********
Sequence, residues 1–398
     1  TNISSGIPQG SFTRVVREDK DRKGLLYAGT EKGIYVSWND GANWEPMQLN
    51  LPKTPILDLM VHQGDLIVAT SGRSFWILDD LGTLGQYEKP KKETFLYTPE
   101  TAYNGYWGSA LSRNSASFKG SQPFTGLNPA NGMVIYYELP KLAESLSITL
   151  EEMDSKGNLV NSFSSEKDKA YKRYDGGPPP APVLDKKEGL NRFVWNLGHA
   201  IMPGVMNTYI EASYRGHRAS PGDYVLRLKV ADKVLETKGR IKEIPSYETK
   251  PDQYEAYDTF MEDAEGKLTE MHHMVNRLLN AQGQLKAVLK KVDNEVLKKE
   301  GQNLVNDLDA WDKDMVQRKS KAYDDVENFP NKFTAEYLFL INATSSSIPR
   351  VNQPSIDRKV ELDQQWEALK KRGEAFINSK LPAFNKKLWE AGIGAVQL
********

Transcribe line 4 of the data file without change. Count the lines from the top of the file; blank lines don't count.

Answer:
   101  TAYNGYWGSA LSRNSASFKG SQPFTGLNPA NGMVIYYELP KLAESLSITL